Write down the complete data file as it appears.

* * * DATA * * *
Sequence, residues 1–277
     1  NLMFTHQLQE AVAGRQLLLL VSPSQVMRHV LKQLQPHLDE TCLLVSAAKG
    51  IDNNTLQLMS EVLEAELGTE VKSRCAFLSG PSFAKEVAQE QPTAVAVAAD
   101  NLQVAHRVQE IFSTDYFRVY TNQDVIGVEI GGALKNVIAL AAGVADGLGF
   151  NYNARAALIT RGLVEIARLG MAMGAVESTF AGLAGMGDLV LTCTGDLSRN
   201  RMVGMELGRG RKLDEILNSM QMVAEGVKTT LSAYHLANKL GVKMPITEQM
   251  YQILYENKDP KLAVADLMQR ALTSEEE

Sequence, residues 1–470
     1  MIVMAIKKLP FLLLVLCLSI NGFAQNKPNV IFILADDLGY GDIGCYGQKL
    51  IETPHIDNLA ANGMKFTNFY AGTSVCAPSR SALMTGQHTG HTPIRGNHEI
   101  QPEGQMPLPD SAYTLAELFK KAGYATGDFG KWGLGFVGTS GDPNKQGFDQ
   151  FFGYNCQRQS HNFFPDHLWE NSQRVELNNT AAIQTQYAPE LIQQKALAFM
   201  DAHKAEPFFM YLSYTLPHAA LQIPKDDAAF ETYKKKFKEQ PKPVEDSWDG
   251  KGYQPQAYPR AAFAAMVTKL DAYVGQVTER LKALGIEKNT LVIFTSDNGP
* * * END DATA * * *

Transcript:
Sequence, residues 1–277
     1  NLMFTHQLQE AVAGRQLLLL VSPSQVMRHV LKQLQPHLDE TCLLVSAAKG
    51  IDNNTLQLMS EVLEAELGTE VKSRCAFLSG PSFAKEVAQE QPTAVAVAAD
   101  NLQVAHRVQE IFSTDYFRVY TNQDVIGVEI GGALKNVIAL AAGVADGLGF
   151  NYNARAALIT RGLVEIARLG MAMGAVESTF AGLAGMGDLV LTCTGDLSRN
   201  RMVGMELGRG RKLDEILNSM QMVAEGVKTT LSAYHLANKL GVKMPITEQM
   251  YQILYENKDP KLAVADLMQR ALTSEEE

Sequence, residues 1–470
     1  MIVMAIKKLP FLLLVLCLSI NGFAQNKPNV IFILADDLGY GDIGCYGQKL
    51  IETPHIDNLA ANGMKFTNFY AGTSVCAPSR SALMTGQHTG HTPIRGNHEI
   101  QPEGQMPLPD SAYTLAELFK KAGYATGDFG KWGLGFVGTS GDPNKQGFDQ
   151  FFGYNCQRQS HNFFPDHLWE NSQRVELNNT AAIQTQYAPE LIQQKALAFM
   201  DAHKAEPFFM YLSYTLPHAA LQIPKDDAAF ETYKKKFKEQ PKPVEDSWDG
   251  KGYQPQAYPR AAFAAMVTKL DAYVGQVTER LKALGIEKNT LVIFTSDNGP